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Pandemic Point of View

Thursday March 10, 2022

  • News & Media

Over the past two years of the pandemic, staff across our hospital have worked tirelessly to keep our patients and community safe. As we hit the two year mark of the COVID-19 pandemic, we’ve asked staff to reflect on their experience in an effort to highlight the incredible work that has been done over the past two years.

Marianne Baragar, RN, ICU

  • As I sit back and reflect on the last 2 years, I have so many mixed emotions and I constantly wonder how I survived. As the weeks went by, I always wondered if this was going to be the shift that I was going to contract COVID and bring it home to my family, it was terrifying, and I wanted it so badly to end! I sat back and watched my kids navigate online learning and everybody surrounding us trying to adjust to this new way of living, my focus very quickly turned into making sure everyone stayed safe and continued to be mentally healthy! The months continued to go on and the teamwork that came over our ICU was something I am so proud to be a part of. We persevered through it all and somehow left our shifts standing in one piece. We helped and supported each other through the tears, the fatigue, and the stress of the pandemic. We have grown together as a unit and have brought back the true meaning of teamwork; we are not just colleagues we are a family!


Debbie Fletcher-Queen, Data Administrator, Surgical Program

  • There is no doubt this COVID-19 pandemic changed everything. Personally, I remember riding my bike in the early days of the pandemic on the near empty streets of Newmarket. It felt apocalyptic. I would wear my Southlake ID badge on the outside of my coat to ensure those around me knew I had a purpose in being out in the world. The Honk for Heroes community drive-by was incredible. The absolute love and support were palpable. I can still cry watching that video! To be alive at this time in history is remarkable beyond words; the strides in healthcare alone have vastly improved our mortality and morbidity rates. But there is nothing like the power of a pandemic to shake the very foundation of society. This is not necessarily a bad thing. As difficult as this pandemic has been, and I am very cognizant of the fact that I am not a client facing health care provider, it provides us with an opportunity to re-set. Re-set within the heath care setting, within our own lives here in Canada, and as global citizens. Because COVID-19 taught us there are grave gaps in our world, our humanity. But COVID-19 also taught us we are brave, resilient, and resourceful. I believe we have what it takes to bridge those gaps. Our tool? Hope.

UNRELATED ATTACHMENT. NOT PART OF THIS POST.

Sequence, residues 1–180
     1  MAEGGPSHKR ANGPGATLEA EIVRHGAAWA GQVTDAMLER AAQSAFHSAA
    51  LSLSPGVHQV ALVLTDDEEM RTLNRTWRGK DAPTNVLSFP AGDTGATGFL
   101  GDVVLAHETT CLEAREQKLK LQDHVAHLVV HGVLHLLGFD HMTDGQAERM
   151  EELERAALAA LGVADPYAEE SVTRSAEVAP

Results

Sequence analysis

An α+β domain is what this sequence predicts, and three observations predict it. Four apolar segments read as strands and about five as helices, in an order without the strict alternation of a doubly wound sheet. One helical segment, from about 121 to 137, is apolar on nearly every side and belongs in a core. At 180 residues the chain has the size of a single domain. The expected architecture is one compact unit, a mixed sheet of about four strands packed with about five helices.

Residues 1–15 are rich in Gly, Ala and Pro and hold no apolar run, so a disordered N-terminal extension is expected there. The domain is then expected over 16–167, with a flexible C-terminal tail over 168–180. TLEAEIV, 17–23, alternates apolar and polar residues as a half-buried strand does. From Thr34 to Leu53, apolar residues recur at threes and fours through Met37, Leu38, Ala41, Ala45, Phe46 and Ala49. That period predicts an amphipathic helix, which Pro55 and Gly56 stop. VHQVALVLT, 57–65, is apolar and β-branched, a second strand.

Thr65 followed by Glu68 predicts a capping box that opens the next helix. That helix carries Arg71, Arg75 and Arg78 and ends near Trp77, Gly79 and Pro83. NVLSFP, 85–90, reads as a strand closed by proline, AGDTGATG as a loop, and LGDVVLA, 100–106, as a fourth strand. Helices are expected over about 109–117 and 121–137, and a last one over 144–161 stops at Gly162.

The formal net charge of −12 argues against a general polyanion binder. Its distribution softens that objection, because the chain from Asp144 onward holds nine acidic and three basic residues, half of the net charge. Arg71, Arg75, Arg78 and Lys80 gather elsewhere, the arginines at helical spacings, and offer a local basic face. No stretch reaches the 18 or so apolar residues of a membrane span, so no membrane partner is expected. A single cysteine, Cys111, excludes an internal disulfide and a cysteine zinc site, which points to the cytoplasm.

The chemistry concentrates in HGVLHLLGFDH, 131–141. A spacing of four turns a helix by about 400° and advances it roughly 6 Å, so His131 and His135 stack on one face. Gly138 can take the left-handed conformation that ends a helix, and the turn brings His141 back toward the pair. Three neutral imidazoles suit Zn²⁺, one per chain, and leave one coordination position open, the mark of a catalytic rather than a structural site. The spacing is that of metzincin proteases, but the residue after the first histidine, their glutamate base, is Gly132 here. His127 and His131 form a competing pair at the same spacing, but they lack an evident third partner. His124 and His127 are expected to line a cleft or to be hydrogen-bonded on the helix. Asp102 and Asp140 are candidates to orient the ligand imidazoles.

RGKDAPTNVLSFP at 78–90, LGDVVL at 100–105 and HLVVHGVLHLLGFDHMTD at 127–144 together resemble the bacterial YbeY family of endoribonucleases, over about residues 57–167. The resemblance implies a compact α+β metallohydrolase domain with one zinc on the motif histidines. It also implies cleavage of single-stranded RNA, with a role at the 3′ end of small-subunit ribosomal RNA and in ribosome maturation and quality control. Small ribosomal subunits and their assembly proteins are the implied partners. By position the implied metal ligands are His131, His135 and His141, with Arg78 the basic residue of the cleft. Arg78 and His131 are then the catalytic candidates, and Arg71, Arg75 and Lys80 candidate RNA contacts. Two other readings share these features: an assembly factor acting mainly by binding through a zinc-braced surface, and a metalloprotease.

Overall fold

Robert Angus, Clerical Coordinator, Health Information Services

  • Health Information has been through quite a rollercoaster ride over the last 2 years. When the pandemic hit, we were able to set our Coding and Decision Support staff to work remotely. Our Clerical team was another story. They needed to be on-site, but with a reduction in patients, there was a reduction in work. Redeployment became the word of the day. Our staff screened, acted as runners, assisted with virtual visits, staffed the testing and vaccination clinics, and handled the call centre for Patient Portal so that people could access their test results. I think the thing I will remember most is the resilience and flexibility that was shown by them. Like everyone else at Southlake, they adapted and did their best. I believe we have all learned new skills and have grown as a team.

Natalie Lorello, Employee and Labour Relations Consultant, Human Resources Department